Outsourcing and TUPE: law firm outsourcing
Outsourcing and TUPE: law firm outsourcing

The following Practice Compliance guidance note provides comprehensive and up to date legal information covering:

  • Outsourcing and TUPE: law firm outsourcing
  • When does TUPE apply?
  • Impact of TUPE
  • Information and consultation
  • Variation of contracts and dismissal

The Transfer of Undertakings (Protection of Employment) Regulations 2006 (TUPE) protect employees' terms and conditions when a business or undertaking, or part of one, is transferred to a new employer.

The purpose of this practice note is to help you identify circumstances where your proposed outsourcing activities could be caught by TUPE. It also provide a very high-level summary of:

  1. the impact of TUPE

  2. information and consultation requirements

  3. variation of contracts and dismissal

It is not intended to guide you through the TUPE process or to explain the law in detail.

If you believe that TUPE may apply to proposed outsourcing activities (including offshoring) you should take specialist employment law advice.

When does TUPE apply?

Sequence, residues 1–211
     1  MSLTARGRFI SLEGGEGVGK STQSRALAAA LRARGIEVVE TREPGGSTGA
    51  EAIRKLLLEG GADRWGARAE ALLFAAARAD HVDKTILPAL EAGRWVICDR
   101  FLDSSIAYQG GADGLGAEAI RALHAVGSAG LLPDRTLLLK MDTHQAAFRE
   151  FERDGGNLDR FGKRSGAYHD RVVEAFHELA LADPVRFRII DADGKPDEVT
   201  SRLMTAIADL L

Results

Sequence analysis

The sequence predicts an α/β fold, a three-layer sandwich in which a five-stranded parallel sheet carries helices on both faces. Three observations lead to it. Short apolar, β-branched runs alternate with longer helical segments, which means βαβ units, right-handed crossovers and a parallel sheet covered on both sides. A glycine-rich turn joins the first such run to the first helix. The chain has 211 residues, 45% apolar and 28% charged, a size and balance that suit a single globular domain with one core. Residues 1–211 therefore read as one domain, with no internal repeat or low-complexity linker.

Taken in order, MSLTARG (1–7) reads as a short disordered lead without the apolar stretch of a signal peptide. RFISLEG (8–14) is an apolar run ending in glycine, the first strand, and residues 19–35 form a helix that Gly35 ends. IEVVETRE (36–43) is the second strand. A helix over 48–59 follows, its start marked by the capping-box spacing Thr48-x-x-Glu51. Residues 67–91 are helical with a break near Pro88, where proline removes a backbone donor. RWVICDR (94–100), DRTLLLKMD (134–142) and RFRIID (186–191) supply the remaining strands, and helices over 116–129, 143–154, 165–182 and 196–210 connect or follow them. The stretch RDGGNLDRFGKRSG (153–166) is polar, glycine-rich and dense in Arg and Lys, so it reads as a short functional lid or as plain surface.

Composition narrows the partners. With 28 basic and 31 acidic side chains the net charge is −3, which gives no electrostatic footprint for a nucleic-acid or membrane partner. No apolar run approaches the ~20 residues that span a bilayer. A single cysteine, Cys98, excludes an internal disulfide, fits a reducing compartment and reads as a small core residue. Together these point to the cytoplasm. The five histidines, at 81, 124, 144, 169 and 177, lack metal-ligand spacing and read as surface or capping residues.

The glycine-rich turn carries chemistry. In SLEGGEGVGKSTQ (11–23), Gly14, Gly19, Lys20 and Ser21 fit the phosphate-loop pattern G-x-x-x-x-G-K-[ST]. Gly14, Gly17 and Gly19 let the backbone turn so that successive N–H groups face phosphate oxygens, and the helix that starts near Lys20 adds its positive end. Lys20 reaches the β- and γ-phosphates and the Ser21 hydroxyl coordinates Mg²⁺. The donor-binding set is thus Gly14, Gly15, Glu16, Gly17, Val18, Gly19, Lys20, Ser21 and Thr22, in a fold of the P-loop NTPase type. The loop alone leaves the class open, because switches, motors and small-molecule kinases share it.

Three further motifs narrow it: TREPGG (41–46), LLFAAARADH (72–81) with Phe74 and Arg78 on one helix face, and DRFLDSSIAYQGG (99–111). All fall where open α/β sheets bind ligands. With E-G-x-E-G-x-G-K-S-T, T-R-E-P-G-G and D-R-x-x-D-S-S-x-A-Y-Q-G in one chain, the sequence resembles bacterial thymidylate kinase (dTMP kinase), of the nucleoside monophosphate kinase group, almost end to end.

TUPE applies where there is a relevant transfer. There are two categories of relevant transfer:

  1. a business transfer, or

  2. a service provision change

An outsourcing arrangement can involve both a business transfer and/or a service provision change.

Business transfer

A business transfer involves:

  1. the transfer of a business or undertaking (or part of a business or undertaking)

  2. from one entity to another

  3. so that the identity of the employer changes

Service provision change

A service provision change occurs where:

  1. an employer organisation (as customer) contracts out services that they have previously performed in-house to a service provider (a first generation outsourcing), or

  2. there is a transfer of